Many Utahns look forward to – or worry about – a comfortable retirement. But having the financial security to leave paid work after a long career is a concept that is relatively modern.
When Effie Merrill’s husband died in 1915, there were few financial safety nets for women who depended on their husbands’ income. Effie was in her 40s and could have – in her own words – “settled down to being an old lady.” Instead, she finished her university degree and got to work. Effie taught school until 1930, and then built and managed an apartment house in Logan. During World War II, at age 73, she briefly resumed teaching at the Topaz Internment Camp near Delta. Effie worked into her 90s, looking after the students who rented her apartments, cooking their meals and doing her own building maintenance. So, had Effie Merrill never heard of retirement?
Actually, retirement is a relatively modern idea. Until the late 19th century, workers worked until they couldn’t anymore. But when Americans left farms for factories, employers worried about their bottom lines. Experienced older workers became expensive, so businesses began to offer pensions to move them out of the workforce to make way for younger, cheaper labor. In addition, the US government created Social Security in 1935 to extend financial benefits to those retiring from the paid workforce. But retirement was a hard sell to a generation who found social status and emotional fulfillment through work. To encourage greater uptake of company pensions, businesses in the 1940s began to market retirement as a reward for service – a chance to revel in what they called the “joy of leisure.” But such benefits were largely for people leaving unionized jobs. Workers outside those jobs often relied on family for financial support or – like Effie Merrill – continued working into old age.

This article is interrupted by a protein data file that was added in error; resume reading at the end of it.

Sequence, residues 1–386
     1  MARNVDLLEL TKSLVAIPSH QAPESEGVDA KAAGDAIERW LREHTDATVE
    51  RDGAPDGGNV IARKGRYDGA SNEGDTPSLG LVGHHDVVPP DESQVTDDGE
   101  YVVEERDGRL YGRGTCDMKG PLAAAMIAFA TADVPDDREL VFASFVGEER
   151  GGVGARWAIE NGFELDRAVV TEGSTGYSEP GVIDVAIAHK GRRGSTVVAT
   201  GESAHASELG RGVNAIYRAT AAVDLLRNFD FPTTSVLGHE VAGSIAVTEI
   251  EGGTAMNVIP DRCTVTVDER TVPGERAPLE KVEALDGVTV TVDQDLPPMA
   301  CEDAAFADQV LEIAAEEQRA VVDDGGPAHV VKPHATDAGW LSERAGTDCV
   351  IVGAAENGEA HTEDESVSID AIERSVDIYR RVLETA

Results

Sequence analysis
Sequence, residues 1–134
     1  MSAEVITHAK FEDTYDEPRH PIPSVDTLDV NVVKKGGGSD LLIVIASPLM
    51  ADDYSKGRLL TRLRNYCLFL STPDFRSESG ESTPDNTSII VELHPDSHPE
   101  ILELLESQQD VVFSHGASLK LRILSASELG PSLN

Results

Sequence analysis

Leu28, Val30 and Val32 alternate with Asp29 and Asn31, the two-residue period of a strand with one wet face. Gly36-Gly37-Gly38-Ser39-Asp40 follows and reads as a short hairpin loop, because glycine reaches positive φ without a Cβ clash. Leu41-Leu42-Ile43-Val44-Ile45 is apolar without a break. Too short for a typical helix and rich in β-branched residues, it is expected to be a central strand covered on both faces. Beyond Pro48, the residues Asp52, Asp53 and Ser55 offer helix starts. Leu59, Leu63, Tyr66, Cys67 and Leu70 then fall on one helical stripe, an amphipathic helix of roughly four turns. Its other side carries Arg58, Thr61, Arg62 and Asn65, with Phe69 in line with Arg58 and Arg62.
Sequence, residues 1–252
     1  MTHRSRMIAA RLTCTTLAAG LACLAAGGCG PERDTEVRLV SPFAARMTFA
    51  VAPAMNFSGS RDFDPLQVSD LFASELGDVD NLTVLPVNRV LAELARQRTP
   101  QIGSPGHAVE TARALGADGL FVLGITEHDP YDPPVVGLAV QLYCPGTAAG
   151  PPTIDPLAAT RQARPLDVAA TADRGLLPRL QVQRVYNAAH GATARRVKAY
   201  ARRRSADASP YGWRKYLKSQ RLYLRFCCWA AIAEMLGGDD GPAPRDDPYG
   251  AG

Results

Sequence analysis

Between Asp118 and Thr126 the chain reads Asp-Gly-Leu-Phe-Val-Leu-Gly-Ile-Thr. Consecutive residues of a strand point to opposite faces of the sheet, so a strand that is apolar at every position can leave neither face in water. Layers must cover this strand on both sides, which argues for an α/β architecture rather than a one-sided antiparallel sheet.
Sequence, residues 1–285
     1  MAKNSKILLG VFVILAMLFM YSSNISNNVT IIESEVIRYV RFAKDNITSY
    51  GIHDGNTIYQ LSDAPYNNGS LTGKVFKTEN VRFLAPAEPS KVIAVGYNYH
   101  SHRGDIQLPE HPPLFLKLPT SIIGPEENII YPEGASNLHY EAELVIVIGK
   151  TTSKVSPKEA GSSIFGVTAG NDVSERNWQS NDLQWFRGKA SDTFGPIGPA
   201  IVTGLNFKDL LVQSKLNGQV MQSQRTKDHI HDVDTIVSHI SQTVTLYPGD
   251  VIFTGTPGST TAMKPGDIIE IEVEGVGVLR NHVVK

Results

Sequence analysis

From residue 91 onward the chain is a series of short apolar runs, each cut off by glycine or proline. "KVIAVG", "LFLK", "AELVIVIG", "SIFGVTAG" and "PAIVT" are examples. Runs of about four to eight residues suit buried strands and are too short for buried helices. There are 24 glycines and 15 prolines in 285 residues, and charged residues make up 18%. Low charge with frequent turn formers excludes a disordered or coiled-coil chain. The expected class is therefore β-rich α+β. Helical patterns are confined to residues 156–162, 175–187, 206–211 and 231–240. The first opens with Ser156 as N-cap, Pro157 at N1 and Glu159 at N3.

The idea of retiring never really occurred to Effie because the “joy of leisure” held no appeal. For her, retirement meant giving up the busy life that made her happy. While hobbies and friends helped fill her time, it was work that kept her warm, fed, and happy. When Effie talked about her long life filled with hard work, she said, “Happiness is not an end. It’s a by-product of being busy, of being useful. If you look for happiness,” she continued, “you never find it. But if you dig into the nearest job that needs doing, happiness sneaks up behind you.”
Mikee Ferran and Megan van Frank for Utah Humanities © 2018
Image: Mrs. Effie Merrill kept up her Logan apartment building and looked after the students who lived there – fixing leaky faucets, painting, cooking, and baking her famous bread. “Easier than being bothered with help around the place,” she declared. Salt Lake Tribune Negative Collection, 8/30/1954, courtesy Utah State History.
See Liz Davidson, “The History of Retirement Benefits,” Workforce, June 21, 2016; “A History of Retirement: It's a Modern Idea,” Seattle Times, December 31, 2013; “A Brief History of Retirement (parts 1-5),” The Next Hill, October 18, 2009; Salt Lake Tribune, August 30, 1954; “Logan Honors Await Teacher at 90,” Salt Lake Tribune, August 31, 1961; Effie Ensign Merrill obituary, Salt Lake Tribune, August 8, 1965